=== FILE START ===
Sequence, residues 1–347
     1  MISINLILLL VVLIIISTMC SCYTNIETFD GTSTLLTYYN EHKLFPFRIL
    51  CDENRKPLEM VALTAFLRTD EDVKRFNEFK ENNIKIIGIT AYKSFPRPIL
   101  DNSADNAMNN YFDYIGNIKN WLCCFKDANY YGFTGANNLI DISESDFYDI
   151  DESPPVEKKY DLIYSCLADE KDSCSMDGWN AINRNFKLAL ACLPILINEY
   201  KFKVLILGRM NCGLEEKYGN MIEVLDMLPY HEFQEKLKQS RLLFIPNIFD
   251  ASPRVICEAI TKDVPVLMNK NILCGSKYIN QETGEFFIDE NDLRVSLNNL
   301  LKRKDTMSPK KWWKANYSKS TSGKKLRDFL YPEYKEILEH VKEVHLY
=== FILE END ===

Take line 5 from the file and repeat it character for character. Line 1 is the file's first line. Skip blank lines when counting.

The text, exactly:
   151  DESPPVEKKY DLIYSCLADE KDSCSMDGWN AINRNFKLAL ACLPILINEY